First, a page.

I was instantly enthralled with Jojo Moyes’ writing styles after reading Me Before You, so when the opportunity arose to review One Plus One I had toI was instantly enthralled with Jojo Moyes’ writing styles after reading Me Before You, so when the opportunity arose to review One Plus One I had to take it. What I like about Jojo Moyes is that I think she writes very descriptively yet also very clearly. She tells a wonderfully detailed story without using flowery language or being inaccessible. I was an English major so I had to read plenty of esoteric literature, which lead me to really appreciate more straightforward writing.
Many authors tend to write similarly-themed novels, so I was surprised to see that One Plus One is really nothing like Me Before You. (I also read The Girl You Left Behind, which is also quite different thematically. I’ll review it soon.) Me Before You deals with loss, moving on, and living your best life, while One Plus One is more traditional chick lit.
In One Plus One, single mom Jess is doing everything she can to hold her family together. She works two jobs but is always late paying the bills. She’s raising two children, her daughter Tanzie and step-son Nicky, and doing everything she can to give them the best life possible. Then there’s Ed, a wealthy software developer, whose life is falling to pieces due to an insider trading scandal. Jess’ daughter is a math genius who has the opportunity to enroll in a posh private school — if only the family can come up with £5000. Ed winds up driving the family to Scotland for a math competition, where the daughter has the opportunity to win the money she needs to enroll in school. Their journey is partly comedic and partly sad, but it always feels “real.” The book is narrated by all four characters at times, so you get the opportunity to know everyone a bit more deeply.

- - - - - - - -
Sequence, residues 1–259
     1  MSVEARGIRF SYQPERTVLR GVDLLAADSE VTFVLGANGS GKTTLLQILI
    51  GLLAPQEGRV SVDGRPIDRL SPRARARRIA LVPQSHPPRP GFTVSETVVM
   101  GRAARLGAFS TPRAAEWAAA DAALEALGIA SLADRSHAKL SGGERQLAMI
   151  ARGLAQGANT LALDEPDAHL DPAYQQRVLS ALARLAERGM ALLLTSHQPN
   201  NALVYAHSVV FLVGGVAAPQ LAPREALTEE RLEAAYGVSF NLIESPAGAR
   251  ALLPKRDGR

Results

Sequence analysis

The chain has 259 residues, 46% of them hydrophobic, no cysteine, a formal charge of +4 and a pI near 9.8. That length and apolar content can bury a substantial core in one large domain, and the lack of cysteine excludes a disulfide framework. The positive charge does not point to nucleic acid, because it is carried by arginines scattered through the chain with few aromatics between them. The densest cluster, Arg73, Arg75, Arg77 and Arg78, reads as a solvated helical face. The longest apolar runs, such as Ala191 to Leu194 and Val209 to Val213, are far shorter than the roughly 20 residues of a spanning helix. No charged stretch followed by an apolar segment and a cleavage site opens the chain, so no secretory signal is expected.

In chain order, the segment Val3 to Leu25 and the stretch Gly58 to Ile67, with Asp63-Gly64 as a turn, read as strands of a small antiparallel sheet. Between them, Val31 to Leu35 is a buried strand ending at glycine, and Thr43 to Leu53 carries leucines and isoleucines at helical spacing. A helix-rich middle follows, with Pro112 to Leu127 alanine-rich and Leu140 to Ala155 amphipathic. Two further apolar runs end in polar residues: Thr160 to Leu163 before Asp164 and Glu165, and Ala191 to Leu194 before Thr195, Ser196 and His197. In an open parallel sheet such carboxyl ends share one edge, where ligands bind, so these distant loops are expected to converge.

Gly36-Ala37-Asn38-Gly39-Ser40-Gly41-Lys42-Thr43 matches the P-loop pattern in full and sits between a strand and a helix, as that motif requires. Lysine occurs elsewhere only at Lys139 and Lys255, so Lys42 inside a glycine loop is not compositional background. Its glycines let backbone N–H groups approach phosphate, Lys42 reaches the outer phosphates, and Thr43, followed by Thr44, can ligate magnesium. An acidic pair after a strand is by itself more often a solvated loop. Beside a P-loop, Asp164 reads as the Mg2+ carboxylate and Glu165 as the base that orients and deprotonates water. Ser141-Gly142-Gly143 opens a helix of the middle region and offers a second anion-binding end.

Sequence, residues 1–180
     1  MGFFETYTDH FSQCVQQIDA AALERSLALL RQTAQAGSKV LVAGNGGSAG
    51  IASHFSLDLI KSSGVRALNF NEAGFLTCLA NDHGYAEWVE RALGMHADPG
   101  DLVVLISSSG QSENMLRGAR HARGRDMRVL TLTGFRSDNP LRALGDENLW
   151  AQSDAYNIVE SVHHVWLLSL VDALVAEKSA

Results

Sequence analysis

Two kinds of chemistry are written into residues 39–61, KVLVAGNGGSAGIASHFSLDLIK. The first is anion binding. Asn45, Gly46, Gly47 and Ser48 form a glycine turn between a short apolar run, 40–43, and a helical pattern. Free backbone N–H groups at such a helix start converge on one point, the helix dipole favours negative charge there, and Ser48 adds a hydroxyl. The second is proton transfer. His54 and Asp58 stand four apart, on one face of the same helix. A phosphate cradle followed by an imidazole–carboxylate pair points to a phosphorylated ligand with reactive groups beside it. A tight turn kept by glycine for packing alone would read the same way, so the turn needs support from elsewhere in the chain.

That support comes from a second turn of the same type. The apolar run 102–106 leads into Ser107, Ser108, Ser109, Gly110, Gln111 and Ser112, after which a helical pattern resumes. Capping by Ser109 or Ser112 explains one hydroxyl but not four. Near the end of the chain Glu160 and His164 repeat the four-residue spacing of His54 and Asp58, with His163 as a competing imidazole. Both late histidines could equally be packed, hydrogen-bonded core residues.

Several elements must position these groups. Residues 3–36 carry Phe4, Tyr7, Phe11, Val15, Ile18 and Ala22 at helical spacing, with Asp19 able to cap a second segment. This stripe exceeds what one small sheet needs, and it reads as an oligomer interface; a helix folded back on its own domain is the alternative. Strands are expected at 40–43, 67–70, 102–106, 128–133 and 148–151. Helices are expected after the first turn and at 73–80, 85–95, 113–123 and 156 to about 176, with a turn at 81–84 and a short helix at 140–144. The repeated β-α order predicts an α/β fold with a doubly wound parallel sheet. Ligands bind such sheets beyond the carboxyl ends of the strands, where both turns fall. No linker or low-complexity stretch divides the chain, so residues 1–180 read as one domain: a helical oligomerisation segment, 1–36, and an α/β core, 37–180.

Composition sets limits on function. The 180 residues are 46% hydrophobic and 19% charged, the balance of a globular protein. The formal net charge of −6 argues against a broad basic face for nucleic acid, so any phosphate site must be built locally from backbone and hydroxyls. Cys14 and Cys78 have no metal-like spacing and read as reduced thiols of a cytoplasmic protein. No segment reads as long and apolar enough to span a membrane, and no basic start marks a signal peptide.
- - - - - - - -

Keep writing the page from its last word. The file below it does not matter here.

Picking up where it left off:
All of the characters are fleshed out quite well, and I felt myself sympathizing with everyone’s setbacks and triumphs. If I had any complaints at all about this book it’s that the ending is just a little bit too tidy, but considering what the family goes through it’s hard to deny anyone their happy ending.
Jojo Moyes is a British author whose work has just recently made its way to the United States, and I plan on reading everything else she has written. While One Plus One was more chick lit than the other books I read, it wasn’t overly so. There weren’t any graphic sex scenes, gushy romance, or anything like that. I’m just not sure the story would appeal to many men.
One Plus One is currently only available for pre-release. It will be released in the United States on July 1, 2014.
I really enjoyed this book from start to finish and enjoyed getting to know most of the main characters (I think it's fair to say that two of them werI really enjoyed this book from start to finish and enjoyed getting to know most of the main characters (I think it's fair to say that two of them were unpleasant).
I LOVED all of the southern terminology , and how the story included two characters living (and thriving) with aspbergers.
Was the story line kind of predictable? Of course. But it was also charming and I was rooting for everyone to get their happily ever after....more
I couldn't put this book down, though I agree with other reviews that it was occasionally difficult to separate one narrator from another because theI couldn't put this book down, though I agree with other reviews that it was occasionally difficult to separate one narrator from another because the voices were similar.
While there's not much here by way of action, it is an interesting look at the relationships we have with those we love.
The only part of the book I didn't like was the ending, but that was because at that point I didn't care. I thought the store would have been better off without the epilogue and the maybe/maybe not that had existed throughout the story.
Favorite Quote: "Hearts don't come with an owner's manual. Someone should do something about that."...more